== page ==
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You'd likely give up sex for cybersecurity, poll finds

How badly do you want to be safe from hackers? Really badly, according to a new survey.

Some of these folks apparently would give up sex for a year if it meant never being hacked again.

Patrick Lux, Getty Images

Could you become, as Jerry Seinfeld put it, "master of your domain" to save your web domains?

In a classic "Seinfeld" episode, Jerry and his friends each bet a hundred bucks in a celibacy challenge. Let's just say it didn't take long before the cash started rolling in. But could you hold out longer -- if the stakes were exponentially higher?

Nearly four in 10 Americans say they would give up sex for one year in exchange for a lifetime of cybersecurity, according to an online survey of more than 2,000 adults conducted by Harris Poll for password-management company Dashlane. The poll checked in with adults over 18 in late October. Dashlane released the results Thursday.

As it turns out, for 39 percent of Americans, that basic human desire appears less important than the allure of a hack-free existence.

Technology has tweaked interest in sex before. Binge watching via streaming media reportedly leads to a decline in the frequency of sex -- despite the "Netflix and chill" pickup lines -- while driverless cars apparently have the potential of leading to more intercourse.

But massive hacks may be scaring the hell out of people -- so much that they'd willingly give up sex for a full year. At least hypothetically. And apparently, it would be easier to give up sex than to act more responsibly online.

Despite the constant barrage of breaches, people "continue to engage in risky...behavior" online, including the use of weak passwords, Dashlane CEO Emmanuel Schalit said in a statement.

The problem is much bigger than an individual's choice of passwords, though. Data security continues to be one of the most alarming and seemingly unsolvable problems created by the internet.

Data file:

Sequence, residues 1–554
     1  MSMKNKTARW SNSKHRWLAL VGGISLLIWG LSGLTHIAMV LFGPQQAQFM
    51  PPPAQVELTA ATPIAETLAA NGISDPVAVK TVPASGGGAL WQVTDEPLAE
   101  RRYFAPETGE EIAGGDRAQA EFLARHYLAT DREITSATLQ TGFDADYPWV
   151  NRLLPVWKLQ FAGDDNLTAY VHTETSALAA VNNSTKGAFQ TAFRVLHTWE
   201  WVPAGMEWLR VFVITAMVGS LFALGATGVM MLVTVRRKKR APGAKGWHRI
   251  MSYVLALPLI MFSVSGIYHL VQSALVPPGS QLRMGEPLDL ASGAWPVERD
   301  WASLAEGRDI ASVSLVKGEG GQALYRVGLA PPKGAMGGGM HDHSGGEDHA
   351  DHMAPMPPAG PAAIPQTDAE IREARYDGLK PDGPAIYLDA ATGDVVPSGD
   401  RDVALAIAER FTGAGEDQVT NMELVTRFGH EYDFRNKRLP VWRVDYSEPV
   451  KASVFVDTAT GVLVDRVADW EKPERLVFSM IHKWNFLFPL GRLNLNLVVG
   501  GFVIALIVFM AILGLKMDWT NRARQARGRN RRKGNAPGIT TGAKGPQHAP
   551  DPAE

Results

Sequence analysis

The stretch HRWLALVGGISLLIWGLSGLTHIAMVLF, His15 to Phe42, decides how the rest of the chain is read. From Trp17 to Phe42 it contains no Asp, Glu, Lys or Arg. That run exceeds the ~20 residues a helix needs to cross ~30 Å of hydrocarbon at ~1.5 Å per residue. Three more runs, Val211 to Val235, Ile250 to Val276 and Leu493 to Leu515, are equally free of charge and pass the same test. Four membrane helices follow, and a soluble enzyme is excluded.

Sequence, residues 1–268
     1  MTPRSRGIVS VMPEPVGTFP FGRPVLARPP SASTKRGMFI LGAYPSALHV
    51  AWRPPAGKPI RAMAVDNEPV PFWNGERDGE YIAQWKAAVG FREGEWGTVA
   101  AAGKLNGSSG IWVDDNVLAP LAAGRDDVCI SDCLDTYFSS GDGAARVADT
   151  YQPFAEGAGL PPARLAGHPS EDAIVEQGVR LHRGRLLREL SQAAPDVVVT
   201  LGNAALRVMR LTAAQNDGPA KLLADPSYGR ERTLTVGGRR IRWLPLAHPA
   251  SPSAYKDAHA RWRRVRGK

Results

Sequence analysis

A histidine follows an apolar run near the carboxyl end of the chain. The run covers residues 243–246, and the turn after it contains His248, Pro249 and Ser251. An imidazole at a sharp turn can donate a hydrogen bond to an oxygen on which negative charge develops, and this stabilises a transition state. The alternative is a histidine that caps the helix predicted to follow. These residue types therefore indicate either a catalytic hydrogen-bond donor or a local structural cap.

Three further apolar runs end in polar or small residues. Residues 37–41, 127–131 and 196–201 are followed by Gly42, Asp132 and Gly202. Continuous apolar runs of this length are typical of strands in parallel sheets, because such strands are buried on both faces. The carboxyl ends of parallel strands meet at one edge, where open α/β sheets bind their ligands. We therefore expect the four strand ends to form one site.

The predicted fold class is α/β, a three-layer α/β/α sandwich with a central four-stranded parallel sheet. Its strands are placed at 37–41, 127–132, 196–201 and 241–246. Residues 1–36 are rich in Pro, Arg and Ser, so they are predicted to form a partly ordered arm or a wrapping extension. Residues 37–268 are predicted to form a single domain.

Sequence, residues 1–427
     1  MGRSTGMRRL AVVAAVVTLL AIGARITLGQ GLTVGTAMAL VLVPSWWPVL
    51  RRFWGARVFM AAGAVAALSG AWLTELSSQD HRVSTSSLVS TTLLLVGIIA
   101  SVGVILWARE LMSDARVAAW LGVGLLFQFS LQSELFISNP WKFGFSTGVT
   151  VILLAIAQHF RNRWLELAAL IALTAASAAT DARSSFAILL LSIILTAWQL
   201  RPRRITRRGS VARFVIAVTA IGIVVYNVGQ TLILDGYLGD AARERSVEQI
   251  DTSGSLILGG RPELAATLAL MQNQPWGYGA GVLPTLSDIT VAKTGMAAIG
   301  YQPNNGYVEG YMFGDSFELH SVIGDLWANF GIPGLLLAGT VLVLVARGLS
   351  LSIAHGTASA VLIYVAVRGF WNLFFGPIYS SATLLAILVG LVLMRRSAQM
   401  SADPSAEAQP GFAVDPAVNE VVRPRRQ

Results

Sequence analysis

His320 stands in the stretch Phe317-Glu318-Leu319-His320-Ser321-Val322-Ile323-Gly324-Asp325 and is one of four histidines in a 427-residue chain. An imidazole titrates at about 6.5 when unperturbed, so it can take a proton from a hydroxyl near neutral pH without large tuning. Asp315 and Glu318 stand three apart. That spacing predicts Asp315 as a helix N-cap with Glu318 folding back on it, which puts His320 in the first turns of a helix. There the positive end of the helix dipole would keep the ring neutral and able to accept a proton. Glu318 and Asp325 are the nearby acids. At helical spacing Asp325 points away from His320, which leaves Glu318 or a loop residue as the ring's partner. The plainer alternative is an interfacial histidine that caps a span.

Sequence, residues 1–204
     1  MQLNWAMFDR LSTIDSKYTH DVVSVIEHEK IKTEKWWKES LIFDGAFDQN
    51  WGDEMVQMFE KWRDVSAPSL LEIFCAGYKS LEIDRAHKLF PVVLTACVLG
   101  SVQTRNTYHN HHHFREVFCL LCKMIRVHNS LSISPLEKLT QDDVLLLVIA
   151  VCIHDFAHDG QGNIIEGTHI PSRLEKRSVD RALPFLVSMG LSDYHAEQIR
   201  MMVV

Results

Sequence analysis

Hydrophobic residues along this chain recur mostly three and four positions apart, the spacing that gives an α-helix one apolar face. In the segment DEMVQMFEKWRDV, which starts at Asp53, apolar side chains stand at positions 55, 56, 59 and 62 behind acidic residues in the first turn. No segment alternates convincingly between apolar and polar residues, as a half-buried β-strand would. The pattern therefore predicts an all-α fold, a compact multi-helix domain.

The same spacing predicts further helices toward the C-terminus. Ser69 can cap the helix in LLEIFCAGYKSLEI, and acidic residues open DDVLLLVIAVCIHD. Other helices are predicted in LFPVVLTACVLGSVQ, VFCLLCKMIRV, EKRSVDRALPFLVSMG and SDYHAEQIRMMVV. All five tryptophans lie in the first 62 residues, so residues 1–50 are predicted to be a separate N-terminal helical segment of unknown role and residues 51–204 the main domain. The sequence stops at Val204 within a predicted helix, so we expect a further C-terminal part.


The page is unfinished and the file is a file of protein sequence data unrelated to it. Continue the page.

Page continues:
The latest massive breach was exposed Sunday. About 412 million accounts from Adult Friend Finder -- a company describing itself as the "world's largest sex and swinger community" -- were hacked. Earlier this fall, Yahoo revealed that half a billion customer accounts were breached. And last month, legions of hacked Internet of Things devices were behind a massive DDoS attack that took temporarily took down popular websites. A-lister celebrities and even Facebook CEO Mark Zuckerberg have felt the wrath of hackers.

The survey did find a gender divide: 34 percent of men said they'd sacrifice a year of sex for a lifetime of safe web experience, compared with 44 percent of women.

And it's not just middle aged or elderly who would cut off sex. Millennials, the generation that grew up online, have apparently been spooked by hackers. Two of every five millennials -- who have taken over baby boomers as the largest generation in the US -- said they would abstain from intercourse for a year in exchange for cybersecurity for the rest of their lives.

Since the sex-versus-security choice is only hypothetical, Dashlane recommends more-secure passwords and suggests leaving birthday and anniversary dates out of them. Also, avoid using the same password for multiple accounts. (That's how Zuckerberg's Twitter account got hacked.)

A CNET guide suggests passwords that are more than 16 characters long, with a combination of numbers, symbols, cases and spaces. Two-step verification also helps.

It beats giving up sex for a year.